I live in Arizona. I love motorcycles and I ride a 2005 Harley-Davidson Dyna Superglide that I have put thousands of miles on. Before I got into photography I was going to college to become a marine biologist so that I could study sharks and help shark conservation efforts around the world. I have a beautiful wife named Dana and three amazing children named Kellin, Rowan, and Ashmore. I love to read. I enjoy cooking and coming up with my own recipes. I love horror/spooky things. I study and practice Stoicism. My favorite color is purple, and I love cookies more than any normal person probably should.

MSM: How did you get your start in music photography? 

BRANDON: I have always been an artist, but I never really considered photography because cameras were so expensive, and the digital cameras that we had weren’t very good. When phones started coming out with decent cameras I got myself an iPhone 6plus and it was having that camera in my pocket all the time that really got me into taking fun pictures and experimenting with photo editing. 

Anyway, my wife and I went to see Sleeping with Sirens in Phoenix, AZ. (We both love SWS, and actually named our first son Kellin) I had hung out with Kellin Quinn a few times before and my wife made me promise her that I’d take her to meet him. I was hanging out in the back of the venue when Kellin came out, and when he saw me he came to say hi. I introduced my wife, we took a photo together, and then just hung out for a couple hours. While hanging out before the show the owner of the venue joined us and he mentioned that he was short one security guard for the photo pit. I volunteered, Kellin vouched for me, and the owner went and grabbed me a security t-shirt. All I had to do was catch crowd surfers and I’d be able to enjoy the show from the pit. Sounded like a sweet deal to me!

During the show there weren’t many crowd surfers so I pulled out my phone and took a ton of photos and when I went to look at them later on I was blown away.

One of my favorite things about concerts has always been the energy that you can only get a live show, and here I had it in the palm of my hand! I felt like I had captured lightning in a bottle! That feeling was a better high than anything I’d ever experienced. From there on out I knew that I wanted to shoot concerts but I had no idea how.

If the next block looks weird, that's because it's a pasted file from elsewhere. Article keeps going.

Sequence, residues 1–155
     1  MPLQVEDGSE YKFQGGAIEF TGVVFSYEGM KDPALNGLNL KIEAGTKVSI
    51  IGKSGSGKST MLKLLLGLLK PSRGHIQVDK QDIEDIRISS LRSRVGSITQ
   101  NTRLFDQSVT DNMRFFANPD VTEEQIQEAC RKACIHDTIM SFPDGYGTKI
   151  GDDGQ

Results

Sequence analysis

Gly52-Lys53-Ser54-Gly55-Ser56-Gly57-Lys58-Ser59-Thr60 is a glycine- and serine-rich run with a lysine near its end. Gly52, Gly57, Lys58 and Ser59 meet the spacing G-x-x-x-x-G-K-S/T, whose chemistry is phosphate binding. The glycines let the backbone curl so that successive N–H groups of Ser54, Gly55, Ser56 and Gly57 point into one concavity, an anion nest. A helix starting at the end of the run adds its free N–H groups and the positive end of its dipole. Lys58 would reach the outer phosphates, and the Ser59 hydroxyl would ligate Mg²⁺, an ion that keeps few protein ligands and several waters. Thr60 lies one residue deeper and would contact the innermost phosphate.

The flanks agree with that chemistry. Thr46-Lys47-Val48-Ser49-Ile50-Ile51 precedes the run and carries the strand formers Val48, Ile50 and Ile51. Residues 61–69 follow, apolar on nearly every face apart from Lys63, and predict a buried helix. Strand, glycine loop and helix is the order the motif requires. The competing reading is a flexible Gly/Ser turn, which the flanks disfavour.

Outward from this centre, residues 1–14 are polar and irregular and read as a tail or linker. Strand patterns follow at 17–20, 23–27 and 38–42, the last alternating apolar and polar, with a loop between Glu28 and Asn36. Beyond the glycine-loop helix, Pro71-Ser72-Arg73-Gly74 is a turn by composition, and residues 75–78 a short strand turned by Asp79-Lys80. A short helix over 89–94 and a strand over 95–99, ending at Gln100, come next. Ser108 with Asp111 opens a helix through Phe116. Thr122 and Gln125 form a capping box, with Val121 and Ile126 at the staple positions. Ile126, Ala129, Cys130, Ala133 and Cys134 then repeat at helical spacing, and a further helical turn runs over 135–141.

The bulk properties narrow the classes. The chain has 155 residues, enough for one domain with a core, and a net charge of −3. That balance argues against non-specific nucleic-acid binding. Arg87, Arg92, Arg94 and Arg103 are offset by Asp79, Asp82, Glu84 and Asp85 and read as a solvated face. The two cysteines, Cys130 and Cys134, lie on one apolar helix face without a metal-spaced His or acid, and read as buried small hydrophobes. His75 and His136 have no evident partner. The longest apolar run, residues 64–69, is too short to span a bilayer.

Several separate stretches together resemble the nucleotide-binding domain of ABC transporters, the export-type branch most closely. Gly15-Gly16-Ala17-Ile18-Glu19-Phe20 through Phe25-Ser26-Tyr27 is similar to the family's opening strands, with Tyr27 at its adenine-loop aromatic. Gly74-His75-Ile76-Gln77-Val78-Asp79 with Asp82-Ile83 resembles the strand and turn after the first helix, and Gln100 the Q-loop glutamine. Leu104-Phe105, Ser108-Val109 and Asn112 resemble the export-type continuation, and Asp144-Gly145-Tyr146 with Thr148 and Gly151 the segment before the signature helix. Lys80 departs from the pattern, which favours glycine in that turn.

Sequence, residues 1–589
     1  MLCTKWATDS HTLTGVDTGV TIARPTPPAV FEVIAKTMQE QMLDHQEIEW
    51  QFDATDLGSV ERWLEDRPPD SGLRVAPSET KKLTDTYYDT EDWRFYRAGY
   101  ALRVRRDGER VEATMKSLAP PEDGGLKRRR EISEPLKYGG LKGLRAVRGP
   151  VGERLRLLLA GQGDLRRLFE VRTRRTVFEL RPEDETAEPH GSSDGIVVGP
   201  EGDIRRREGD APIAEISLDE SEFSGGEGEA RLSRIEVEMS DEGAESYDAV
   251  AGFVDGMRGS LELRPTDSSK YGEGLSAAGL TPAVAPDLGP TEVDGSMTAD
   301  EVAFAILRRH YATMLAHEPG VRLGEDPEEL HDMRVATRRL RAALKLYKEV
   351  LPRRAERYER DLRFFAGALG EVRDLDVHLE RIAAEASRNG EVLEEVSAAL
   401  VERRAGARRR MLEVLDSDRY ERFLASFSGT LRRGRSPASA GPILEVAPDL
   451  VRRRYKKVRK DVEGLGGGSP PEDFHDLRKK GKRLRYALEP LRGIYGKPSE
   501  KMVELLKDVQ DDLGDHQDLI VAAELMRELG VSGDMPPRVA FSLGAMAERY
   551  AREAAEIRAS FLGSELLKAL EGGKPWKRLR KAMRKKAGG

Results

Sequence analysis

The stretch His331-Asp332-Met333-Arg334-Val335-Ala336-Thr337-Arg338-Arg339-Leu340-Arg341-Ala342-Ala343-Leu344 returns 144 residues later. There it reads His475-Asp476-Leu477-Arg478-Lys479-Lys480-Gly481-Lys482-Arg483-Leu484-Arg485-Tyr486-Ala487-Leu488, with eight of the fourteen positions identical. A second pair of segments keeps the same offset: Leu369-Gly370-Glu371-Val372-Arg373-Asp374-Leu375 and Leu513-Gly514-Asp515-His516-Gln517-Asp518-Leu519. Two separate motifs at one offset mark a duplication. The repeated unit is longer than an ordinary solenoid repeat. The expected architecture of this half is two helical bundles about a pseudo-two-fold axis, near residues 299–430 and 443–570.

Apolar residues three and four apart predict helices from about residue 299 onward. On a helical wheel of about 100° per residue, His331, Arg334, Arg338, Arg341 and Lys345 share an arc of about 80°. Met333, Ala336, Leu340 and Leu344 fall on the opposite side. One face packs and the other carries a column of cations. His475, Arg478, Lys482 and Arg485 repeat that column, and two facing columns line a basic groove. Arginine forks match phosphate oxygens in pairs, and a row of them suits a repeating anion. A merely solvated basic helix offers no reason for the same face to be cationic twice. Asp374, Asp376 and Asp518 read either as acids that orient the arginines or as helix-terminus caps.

I started small, I got an intern position as a second shooter with a wedding photographer that allowed me to use his extra camera. I did that for about two and a half years before I finally got the money to buy my own gear. Once I finally had my own camera I took photos of anything and everything that I could. Landscapes, buildings, cars, models, my family, friends, but I still had no idea how to get into concert photography. 

Finally a small restaurant in town opened up and my friend uncle owned it. I asked if I could come down and practice shooting concerts. I did about three or four shows and then I used those photos photos to send to music publications and I ended up with MSM. 

Even though I’m finally a concert photographer I know that my learning will never end. Every concert is different. Every show I learn something new and I strive to find ways to improve. As long as my photos are better than the last concert I shot, I’m happy. Concert photography is by far the most challenging form of photography out there and I love that. For me this is far more of a journey than it is a destination. I plan to do this for as long as I possibly can. I love what I do and I wouldn’t trade it for anything.

MSM: How long have you been doing photography in general? 

BRANDON: I’ve been doing photography for about 4 and a half years.

MSM: What’s in your gear bag? 

BRANDON: I shoot on a Canon 5D Mark IV. 

The two lenses I use for shows are a Canon 24-70mm f/2.8 and a Canon 70-200 f/2.8. 

For other types of photography, I have numerous speedlights, strobes, softboxes, reflectors, led panels, and light tubes.

MSM: What advice would you give to anyone wanting to go into music photography? 

BRANDON: Don’t bother let the gatekeepers get you down, they are everywhere in this business.

Don’t be afraid to work for free while getting started, it will pay off in the end.

Make sure you talk to people at shows! 

Make friends, and network as much as possible!

Beyond all that, I’m a serious note: this industry can be hell sometimes, it can feel like there is no clear path forward, like you’re not valued, and it can feel like you’re not getting anywhere. But that’s OKAY! 

Don’t. Give. Up. 

You will find your way and things will work out if it’s what you truly want. You just have to have the courage to keep going.

MSM: Who would be your dream artist to shoot? 

BRANDON: This is a tough one. A short list would be: AFI, Ghost, Falling In Reverse, and Rise Against.

MSM: What is your favorite live show that you’ve attended? 

BRANDON: Hot Mulligan takes the cake on this one.